I don't know of a situation where rejecting a raise would make sense. Often, one can be in a phaseout of some benefit, so that even though you're in a certain tax bracket, the impact of the next $100 is greater than the bracket rate alone. Taxation of social security benefits is one such anomaly. It can be high, but never over 100%.
Update - The Affordable Care Act contains such an anomaly - go to the Kaiser Foundation site, and see the benefit a family of three might receive. A credit for up to $4631 toward their health care insurance cost. But, increase the income to above $78120 Modified Adjusted Gross Income (MAGI) and the benefit drops to zero. The fact that the next dollar of income will cost you $4631 in the lost credit is an example of a step-function in the tax code. I'd still not turn down the raise, but I'd ask that it be deposited to my 401(k). And when reconciling my taxes each April, I'd use an IRA in case I still went over a bit. Consider, it's April, and your MAGI is $80,120. Even if you don't have to cash to deposit to the IRA, you borrow it, from a 24% credit card if need be. Because the $2000 IRA will trigger not just $300 less Federal tax, but a $4631 health care credit.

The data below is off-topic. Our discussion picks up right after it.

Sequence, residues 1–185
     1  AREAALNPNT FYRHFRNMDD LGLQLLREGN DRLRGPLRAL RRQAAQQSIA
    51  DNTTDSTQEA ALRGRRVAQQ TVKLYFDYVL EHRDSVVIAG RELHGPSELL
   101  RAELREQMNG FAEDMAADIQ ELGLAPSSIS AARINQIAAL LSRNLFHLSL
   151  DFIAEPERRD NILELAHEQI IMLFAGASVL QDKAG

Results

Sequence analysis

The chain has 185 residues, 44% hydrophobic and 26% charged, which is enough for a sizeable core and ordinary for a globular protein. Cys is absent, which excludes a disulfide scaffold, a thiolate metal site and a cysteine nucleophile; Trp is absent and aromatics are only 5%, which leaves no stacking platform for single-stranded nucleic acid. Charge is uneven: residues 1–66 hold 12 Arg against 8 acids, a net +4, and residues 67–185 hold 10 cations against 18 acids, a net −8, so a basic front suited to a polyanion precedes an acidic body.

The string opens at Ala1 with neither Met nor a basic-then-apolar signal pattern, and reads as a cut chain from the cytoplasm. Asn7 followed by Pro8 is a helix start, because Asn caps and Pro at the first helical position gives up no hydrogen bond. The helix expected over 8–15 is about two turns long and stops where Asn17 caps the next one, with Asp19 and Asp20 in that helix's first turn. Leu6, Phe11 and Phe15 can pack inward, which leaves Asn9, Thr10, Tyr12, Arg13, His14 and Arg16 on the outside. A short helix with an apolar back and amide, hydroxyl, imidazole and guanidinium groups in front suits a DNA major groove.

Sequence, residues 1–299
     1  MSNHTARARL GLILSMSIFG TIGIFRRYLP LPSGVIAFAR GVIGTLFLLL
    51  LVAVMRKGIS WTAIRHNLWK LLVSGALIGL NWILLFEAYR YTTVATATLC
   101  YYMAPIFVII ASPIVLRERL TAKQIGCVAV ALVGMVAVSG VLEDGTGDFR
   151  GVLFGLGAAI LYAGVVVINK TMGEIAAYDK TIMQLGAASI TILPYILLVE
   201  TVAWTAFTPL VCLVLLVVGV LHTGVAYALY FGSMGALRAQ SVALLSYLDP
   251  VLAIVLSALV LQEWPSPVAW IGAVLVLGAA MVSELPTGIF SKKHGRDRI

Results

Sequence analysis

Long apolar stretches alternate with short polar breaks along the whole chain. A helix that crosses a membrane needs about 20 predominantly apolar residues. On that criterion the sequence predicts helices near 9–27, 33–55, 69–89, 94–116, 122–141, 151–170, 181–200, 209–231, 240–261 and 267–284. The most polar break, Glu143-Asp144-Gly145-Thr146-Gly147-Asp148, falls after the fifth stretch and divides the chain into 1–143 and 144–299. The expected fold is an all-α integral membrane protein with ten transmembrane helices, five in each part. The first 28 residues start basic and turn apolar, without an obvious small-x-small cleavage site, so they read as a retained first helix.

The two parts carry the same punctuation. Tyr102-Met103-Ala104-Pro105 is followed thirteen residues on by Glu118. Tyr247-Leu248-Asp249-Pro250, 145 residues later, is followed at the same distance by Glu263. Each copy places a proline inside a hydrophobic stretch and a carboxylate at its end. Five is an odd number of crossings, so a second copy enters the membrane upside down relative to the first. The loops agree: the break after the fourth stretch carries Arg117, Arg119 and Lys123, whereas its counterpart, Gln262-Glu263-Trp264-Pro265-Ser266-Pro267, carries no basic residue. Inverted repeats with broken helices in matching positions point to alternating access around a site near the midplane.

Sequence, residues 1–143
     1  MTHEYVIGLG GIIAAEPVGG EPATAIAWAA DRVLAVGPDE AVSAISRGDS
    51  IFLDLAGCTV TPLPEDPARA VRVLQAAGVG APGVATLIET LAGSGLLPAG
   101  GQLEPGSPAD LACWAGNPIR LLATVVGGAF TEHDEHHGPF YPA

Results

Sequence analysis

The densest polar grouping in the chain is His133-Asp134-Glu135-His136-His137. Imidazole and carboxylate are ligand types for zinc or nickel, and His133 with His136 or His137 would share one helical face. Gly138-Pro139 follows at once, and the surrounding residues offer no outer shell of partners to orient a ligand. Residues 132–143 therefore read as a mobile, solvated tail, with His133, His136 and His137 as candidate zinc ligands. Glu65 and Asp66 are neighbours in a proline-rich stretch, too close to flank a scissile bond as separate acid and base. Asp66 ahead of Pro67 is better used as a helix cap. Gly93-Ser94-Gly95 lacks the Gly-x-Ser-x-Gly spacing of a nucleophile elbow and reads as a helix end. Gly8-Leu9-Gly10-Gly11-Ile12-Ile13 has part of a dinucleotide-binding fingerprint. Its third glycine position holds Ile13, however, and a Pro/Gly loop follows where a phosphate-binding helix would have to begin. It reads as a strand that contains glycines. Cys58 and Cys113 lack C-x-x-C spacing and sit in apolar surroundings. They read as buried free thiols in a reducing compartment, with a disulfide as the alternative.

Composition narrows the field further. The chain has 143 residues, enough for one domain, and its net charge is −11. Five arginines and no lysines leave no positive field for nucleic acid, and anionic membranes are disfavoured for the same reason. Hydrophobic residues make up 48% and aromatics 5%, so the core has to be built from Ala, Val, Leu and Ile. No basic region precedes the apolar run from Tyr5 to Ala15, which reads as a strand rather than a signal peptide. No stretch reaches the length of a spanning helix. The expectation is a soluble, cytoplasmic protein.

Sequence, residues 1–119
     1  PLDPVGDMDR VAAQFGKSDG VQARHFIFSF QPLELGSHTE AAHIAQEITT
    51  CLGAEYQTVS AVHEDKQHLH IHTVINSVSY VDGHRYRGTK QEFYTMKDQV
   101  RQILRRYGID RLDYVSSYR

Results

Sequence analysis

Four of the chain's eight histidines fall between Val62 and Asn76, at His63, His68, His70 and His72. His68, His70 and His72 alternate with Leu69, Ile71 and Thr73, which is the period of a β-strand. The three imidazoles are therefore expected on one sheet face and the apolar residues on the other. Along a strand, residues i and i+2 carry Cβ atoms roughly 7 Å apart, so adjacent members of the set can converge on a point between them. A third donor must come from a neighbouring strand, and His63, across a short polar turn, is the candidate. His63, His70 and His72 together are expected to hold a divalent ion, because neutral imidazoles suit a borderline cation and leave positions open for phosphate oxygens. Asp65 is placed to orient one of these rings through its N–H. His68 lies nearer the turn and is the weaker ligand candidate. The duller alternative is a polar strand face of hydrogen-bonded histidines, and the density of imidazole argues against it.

Note - the above example will apply to a limited, specific group who are funding their own health care expense and paying above a certain percent of income. It's not a criticism of ACA, just a mathematical observation appropriate to this question. For those in this situation, a close look at their projected MAGI is in order.
Another example - the deduction for college tuition and fees.
This is another "step function." Go a dollar over the threshold, $130K joint, and the deduction drops from $4000 to $2000. You can claim that a $2000 deduction is a difference of 'only' $500 in tax due, but the result is a quick spike in the marginal rate. For those right at this number, it would be worth it to increase their 401(k) deduction to get back under this limit.